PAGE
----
A top 10 nationally-ranked auto dealer called me recently and asked me to do an assessment. I said no problem, I’ll send the list of schedules that I need from your controller and we can get started. The dealer responded no, not that assessment, the management assessment that we did two years ago. Based on the urgent tone in his voice, I asked, “Tell me what’s going on?” The dealer explained that in 2011, the store had a record year in volume, market share and net profit. Based on that year, he and his team expected to surpass those results in 2012. Surprisingly, after the first quarter, their volume and net profit were down and market share was about even. He felt the management team had lost the spark that was there in 2011 and he couldn’t figure it out.
I proceeded with the project and began to interview each manager one-on-one. I had a list of key questions that helped frame and definitively pinpoint what the issues were. After interviewing five or six of the 18 managers, it became clear what had changed. Two questions were most revealing. The first question was “What do you focus on when you come to work every day?” And second, “What did you used to do that made the store successful that you don’t do today?”
After compiling all the input, we held an off-site management team meeting including the dealer principal. One by one I went around the room and asked each manager, “What do you focus on every day when you come into work?” Their answers generally centered around their activities. For example, "take care of customers, sell cars, sell parts,” and so on.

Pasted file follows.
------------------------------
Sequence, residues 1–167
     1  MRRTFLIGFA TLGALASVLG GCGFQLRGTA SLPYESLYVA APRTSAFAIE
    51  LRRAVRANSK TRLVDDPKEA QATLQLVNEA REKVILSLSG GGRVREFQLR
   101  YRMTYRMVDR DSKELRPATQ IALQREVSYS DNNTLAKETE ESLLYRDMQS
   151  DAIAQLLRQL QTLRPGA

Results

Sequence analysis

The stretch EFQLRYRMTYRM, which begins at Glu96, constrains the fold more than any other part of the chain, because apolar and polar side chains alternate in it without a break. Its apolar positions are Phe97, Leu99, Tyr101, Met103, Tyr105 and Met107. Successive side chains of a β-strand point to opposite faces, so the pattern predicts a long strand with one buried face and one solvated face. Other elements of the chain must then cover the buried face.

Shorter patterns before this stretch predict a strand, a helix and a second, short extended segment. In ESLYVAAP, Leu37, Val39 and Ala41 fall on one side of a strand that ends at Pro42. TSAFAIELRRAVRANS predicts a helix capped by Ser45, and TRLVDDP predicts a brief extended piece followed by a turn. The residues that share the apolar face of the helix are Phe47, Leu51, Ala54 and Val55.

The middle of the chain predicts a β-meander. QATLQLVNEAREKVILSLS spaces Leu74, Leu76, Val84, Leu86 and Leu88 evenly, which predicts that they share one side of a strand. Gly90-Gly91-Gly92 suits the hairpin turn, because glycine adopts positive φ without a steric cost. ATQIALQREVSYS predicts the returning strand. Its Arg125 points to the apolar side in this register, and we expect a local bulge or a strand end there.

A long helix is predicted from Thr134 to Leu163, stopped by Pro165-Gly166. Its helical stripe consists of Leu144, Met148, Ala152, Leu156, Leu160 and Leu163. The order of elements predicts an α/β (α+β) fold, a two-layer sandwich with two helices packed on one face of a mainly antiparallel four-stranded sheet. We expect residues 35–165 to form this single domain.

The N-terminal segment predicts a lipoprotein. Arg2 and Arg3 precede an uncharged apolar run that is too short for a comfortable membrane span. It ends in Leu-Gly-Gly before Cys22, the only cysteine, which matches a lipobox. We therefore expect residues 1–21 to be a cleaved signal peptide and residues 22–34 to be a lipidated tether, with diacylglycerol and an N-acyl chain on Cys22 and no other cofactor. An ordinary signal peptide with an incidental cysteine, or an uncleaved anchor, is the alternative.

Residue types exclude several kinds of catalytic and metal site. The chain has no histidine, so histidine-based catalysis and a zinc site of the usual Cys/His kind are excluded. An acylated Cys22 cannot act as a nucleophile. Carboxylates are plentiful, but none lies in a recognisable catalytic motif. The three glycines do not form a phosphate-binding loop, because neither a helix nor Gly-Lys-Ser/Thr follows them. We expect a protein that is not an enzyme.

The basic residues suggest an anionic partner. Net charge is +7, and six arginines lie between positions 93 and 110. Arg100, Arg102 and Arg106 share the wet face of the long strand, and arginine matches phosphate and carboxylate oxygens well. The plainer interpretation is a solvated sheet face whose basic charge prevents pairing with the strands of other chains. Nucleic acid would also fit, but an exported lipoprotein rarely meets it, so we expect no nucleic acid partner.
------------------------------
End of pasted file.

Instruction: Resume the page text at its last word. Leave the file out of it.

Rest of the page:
When everyone was asked, “What did you used to do that made the store successful but has faded away?” The responses were very revealing. “We communicated better, we were better connected, we’re on the same page, each manager knew what the other manager was trying to accomplish, we worked better together as a team.”
So I asked all of them, "What’s your job?" The responses were a repeat of what they told me when asked what they focus on every day. When the dealer answered that question, he touched on the “key”: The dealer and the managers had lost sight of what their real job is every day, which was to “build and lead the team.”
As they listened to each other answer the question about what they used to do but has since faded away, they solved their own problem. They became so focused on activities that they forgot to focus on building and leading their team.
So if we asked each manager in your store “What’s your job?” how would they respond? And lastly, Mr. Dealer, if you were asked the question “What’s your job”? How would you respond?